UFO Conjectures

Sunday, October 13, 2013

Morphic Resonance?

The Anomalist bemoans [10-13-2013] the status of (non)discussion about Rupert Sheldrake’s idea of Morphic Resonance, Anomalist taking to task skeptics and others for not even giving the topic an iota of attention.

Our recent posting here about the possibility of plants being the flyers of UFOs, and the PSI experiments regarding botanical life in the book The Secret Life of Plants allows one to conclude that we (I) find the idea of Morphic Resonance a possibility.

The Sheldrakian idea that all of biology is connected  in some way by a “force” or “resonance” and affected by that “resonance” in beneficial (or debilitating perhaps) ways.

But why, Anomalist asks, isn’t this a subject for discussion or debate in the circles that Anomalist pays attention to?

Out recent posting, after our Secret Life if Plants efflort, Ufological Bozos, tells Anomalist why there is no discussion of Morphic Resonance or anything else that requires intellectual ratiocination.

We get visitors here who get irked when we post things fringy or take them to task for comments that don’t address our posting – the off-topic syndrome.

We find ourselves dealing with UFO prima donnas, who think their views should be ours or that their views are magnificently created and should get attention by us directing our visitors to their blogs.

We (me mostly) are elitists.

We eschew the bumpkins who tried to insert their views and their egos here.

That Morphic Resonance and Rupert Sheldrake, among others, are ignored or their ideas are not explored doesn’t surprise.

The concept is edgy and complex, difficult for the simplistic minds of most (if not all) UFO aficionados.

UFOs attract a kind of person bereft of deep thought – us included sometimes.

The topic is a joke and treated as such by thinkers, academic and otherwise.

Trying to thrust deep-thought and rational discussion on the UFO crowd is like trying to capture the ocean with a bucket.

So, Anomalist….your distress is ours, but neither you nor us will have that distress assuaged by addressing it. UFO mavens are incompetent to comprehend their own stupidity and ignorance.

That’s just the way it is…..truly.



  • Without touching the main thesis of this post -- which appears to be that there's a connection between morphic resonance and the UFO phenomenon -- I thought I'd chime in and concur with the author's broadly negative assessment of those in UFOlogy.

    The sociology of UFOlogy would be a fantastic topic, and I'm surprised there's isn't somebody out there right now writing a dissertation on it.

    It's seemed to me for a long time that the main draw of UFOlogy is that it's an area where you can make your own name, become a 'self-made man', so to speak.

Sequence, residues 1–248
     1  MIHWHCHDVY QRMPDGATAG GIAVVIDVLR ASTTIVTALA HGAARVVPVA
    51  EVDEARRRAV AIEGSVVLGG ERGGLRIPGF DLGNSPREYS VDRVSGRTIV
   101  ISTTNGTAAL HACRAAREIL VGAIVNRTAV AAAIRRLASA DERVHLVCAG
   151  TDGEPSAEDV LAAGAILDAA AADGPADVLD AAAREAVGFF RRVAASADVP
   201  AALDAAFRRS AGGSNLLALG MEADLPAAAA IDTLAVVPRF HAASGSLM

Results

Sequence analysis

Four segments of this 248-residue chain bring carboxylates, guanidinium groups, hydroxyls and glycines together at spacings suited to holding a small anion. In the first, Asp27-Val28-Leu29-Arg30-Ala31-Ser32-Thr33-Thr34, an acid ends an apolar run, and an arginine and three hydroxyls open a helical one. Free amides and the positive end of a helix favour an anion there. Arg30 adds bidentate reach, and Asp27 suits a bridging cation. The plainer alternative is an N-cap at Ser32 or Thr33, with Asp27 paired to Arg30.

When we look at the individuals who enter into and then rise up in UFOlogy, we don't find as many pure fraudsters and con men (the classic view) as we do people who want to be taken as authorities.

    It's this reason you see so many inflating their resumes. On the one hand, to be sure, it's good for selling books. But on the other: in what other field can you on the basis of writing a book become an authority in the field?

    People like Schmitt, Imbrogno, and others have lied about their backgrounds. But the reason is not as obvious as we might think. Plenty of people, even complete nutjobs, sell books in UFOlogy and get interviewed on radio shows with credentials as poor as Certified Hypnotherapist or Founder and Director of the Astral Plains Institute of Hoboken, NJ.

    You don't need an authoritative resume per se to be a success in UFOlogy. People are willing to believe anything. (Indeed, cult leaders are hardly chosen for their degrees.) So why fake it?

    I would submit that it is precisely because part of the UFOlogy pathology is to want to be taken as an authority. To be sure, there's desire for authority in all fields, since authority equals power, and power is needed to maintain your position, control others, etc. But in UFOlogy, it's special: people want to be taken as knowledgeable, as experts, for its own sake. They can't become expert scientists or expert academics. But they *can* becomes experts in UFOlogy or related fringe or discredited subjects.

    It's possible to have mixed feelings about this. On the one hand, it's on its face absurd and occasionally hilarious. On the other hand, these are people who actually may be otherwise sincere; people who want to develop theories about the world, who occasionally hit on some good ideas, and who are lacking something in other parts of their lives.

    By Blogger Lord Jim, at Monday, October 14, 2013  

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